Abraham, Mark and (no mention of) John

    "Mark strikes up an unlikely friendship with Bob Monkhouse, started surreally by Bob approaching Mark in the Television Centre car park and saying how much he loved Reasons to be Cheerful, which he’d got as a 75th birthday present from Jeremy Beadle."

    Hop on over to Splintered Sunrise for his must-read review of Mark Steel's 'What’s Going On?' (Previously mentioned on the blog here.)

    Very funny, very informative and the only reason I can think why Splintered Sunrise didn't make Iain Dale's recent Top 10 Northern Irish blogs is because Splintered rises in the South. (It can be confusing sometimes working out if he's working out of Belfast or out of Dublin when he's working over the SWP.)

    And as much as I like Mark Steel, kudos to Splinty for taking Steel to task with this wee barb at the end of the review which is, in the main, largely positive:

    ". . . But, and I have to make this point as a small criticism, Mark may be a good bloke but he’s also a little bit of an asshole. What I mean by that is, the history of the SWP, and other left organisations, is full of people in privileged positions who have known all about the organisational skulduggery that goes on, and haven’t said a word until they have been targeted themselves. I think there is a particular responsibility on people like Mark Steel or Paul Foot or Eamonn McCann, who function as a human face of their organisation and make people feel good about being in it, and who could function as a sort of conscience of the organisation. But normally they don’t. Paul Foot, who I miss a lot, was a lovely man, a brilliant journalist and one of the best speakers I’ve ever heard. But it must be said that, when confronted with the SWP leadership and with Cliff in particular, Paul could be the most awful creep. Eamonn has gone along with all sorts of hair-raising stuff, as long as he’s been allowed to plough his own furrow in Derry. And so on."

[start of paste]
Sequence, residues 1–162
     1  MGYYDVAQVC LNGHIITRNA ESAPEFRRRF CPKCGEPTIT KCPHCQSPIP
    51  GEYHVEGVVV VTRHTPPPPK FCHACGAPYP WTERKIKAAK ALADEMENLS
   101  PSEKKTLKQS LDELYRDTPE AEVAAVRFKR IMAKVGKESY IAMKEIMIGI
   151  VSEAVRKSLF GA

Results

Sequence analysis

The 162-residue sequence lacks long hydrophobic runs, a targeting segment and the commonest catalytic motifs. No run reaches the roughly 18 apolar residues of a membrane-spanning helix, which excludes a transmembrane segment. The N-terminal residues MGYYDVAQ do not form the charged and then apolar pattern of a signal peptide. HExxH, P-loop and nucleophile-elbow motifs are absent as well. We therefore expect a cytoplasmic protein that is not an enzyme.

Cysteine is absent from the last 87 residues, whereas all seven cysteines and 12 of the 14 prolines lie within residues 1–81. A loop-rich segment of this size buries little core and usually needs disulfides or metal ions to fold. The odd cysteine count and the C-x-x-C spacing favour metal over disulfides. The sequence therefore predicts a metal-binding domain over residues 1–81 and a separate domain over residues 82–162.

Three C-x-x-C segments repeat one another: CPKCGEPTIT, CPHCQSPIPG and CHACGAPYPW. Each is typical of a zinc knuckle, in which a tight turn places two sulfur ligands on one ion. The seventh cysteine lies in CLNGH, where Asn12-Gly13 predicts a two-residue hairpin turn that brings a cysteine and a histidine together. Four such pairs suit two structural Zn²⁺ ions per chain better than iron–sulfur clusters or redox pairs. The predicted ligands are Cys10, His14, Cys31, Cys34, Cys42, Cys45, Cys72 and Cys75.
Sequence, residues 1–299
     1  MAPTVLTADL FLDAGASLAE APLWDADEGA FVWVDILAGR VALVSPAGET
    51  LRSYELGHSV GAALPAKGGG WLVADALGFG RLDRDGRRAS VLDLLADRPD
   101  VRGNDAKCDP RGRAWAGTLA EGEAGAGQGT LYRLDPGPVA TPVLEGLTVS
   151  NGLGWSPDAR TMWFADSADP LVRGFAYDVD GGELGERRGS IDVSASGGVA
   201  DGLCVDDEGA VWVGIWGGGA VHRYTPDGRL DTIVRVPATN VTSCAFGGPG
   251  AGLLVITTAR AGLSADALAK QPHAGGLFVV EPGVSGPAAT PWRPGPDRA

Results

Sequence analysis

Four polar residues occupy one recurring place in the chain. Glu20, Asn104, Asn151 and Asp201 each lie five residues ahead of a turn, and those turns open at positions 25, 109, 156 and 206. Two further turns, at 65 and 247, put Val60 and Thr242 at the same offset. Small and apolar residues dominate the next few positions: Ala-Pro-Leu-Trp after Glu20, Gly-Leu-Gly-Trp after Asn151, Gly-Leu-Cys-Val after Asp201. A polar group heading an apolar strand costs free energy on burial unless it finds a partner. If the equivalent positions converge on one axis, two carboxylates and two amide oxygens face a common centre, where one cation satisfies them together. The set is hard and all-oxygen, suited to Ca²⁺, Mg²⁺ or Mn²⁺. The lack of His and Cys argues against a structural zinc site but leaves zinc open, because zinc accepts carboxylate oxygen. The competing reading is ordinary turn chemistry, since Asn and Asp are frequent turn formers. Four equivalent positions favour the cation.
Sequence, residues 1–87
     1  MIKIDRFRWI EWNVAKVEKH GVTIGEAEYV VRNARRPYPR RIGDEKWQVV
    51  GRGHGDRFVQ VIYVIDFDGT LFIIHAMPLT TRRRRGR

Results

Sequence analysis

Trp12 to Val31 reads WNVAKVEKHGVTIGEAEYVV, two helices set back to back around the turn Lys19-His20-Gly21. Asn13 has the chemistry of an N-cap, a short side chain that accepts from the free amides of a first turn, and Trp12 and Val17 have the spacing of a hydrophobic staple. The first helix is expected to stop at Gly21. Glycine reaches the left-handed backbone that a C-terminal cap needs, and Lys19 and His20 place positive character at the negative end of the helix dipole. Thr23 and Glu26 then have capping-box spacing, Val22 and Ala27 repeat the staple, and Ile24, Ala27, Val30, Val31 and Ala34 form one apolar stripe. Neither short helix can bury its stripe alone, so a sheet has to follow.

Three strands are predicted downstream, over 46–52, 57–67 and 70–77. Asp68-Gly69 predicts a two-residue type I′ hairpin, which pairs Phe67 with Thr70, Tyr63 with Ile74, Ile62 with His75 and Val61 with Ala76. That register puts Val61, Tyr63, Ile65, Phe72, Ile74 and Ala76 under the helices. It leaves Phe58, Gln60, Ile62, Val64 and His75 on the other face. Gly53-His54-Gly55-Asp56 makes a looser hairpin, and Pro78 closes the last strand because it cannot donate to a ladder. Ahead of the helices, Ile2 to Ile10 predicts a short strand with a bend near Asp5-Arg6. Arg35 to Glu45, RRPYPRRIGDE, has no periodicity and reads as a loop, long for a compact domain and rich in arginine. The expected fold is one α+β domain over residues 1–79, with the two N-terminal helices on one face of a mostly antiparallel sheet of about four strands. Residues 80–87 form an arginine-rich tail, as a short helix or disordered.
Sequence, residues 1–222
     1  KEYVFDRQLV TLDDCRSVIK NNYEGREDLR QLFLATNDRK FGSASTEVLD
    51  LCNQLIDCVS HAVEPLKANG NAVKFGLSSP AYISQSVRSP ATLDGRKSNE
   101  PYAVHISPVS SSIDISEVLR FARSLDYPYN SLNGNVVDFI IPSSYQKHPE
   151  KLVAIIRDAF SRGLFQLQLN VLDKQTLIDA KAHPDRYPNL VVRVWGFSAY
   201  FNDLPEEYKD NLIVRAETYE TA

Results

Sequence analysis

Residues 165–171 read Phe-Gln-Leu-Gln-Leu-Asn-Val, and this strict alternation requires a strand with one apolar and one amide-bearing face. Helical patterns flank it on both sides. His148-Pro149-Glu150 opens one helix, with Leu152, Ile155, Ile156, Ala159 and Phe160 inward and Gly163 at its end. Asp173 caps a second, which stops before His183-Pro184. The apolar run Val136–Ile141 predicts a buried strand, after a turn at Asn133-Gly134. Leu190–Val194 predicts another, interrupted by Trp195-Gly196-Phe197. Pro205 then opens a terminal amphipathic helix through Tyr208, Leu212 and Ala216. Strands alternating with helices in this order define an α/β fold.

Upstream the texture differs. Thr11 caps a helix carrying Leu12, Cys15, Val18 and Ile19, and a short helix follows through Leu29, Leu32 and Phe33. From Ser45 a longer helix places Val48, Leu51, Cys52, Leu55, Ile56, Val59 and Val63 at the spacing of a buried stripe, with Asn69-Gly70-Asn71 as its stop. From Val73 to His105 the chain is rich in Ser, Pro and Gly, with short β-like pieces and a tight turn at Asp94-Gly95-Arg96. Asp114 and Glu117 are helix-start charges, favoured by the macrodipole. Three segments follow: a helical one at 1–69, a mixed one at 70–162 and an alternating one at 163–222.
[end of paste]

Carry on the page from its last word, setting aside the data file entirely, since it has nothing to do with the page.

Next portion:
There's a hell of a lot of truth in that. Of course, it's now much too late for Steel to take on any sort of constructively critical role with regards to his old organisation because if he so much as coughs in the direction of the SWP his former comrades will be quickly on hand to dismiss him as nothing more than a political apostate. Such is life in (and out) of a political organisation.

    PS - You got that Abraham is Tony Cliff, right? I posted one of Phil Evans's excellent cartoons to make the point and everything. I was originally going to go with 'Let Your Conscience Be Your Guide' as the post title, but who but the most avid Marvin Gaye fanatic will know that that was his first single on Motown back in '61?

    With a heavy heart . . .

    . . . but what Phil said.

    Tuesday, August 26, 2008

    A welcome back for Maloney?

    Banner from Saturday's game at Celtic Park.

    Hat tip to Matt C from Socialist Courier blog for the pic.

    1968 . . . and all that chat

    Further to last Friday's post on the blog about an SPGB speaker at a session at Glasgow's Radical Independent Bookfair, 'News From Nowhere', the yahoo discussion list for SPGB members and sympathisers in the Caledonian area, carries a mini-report back of the meeting.

    I've posted it in the comments of the blog through a mixture of respecting the comrades list privacy and because I want to hoover up the page views.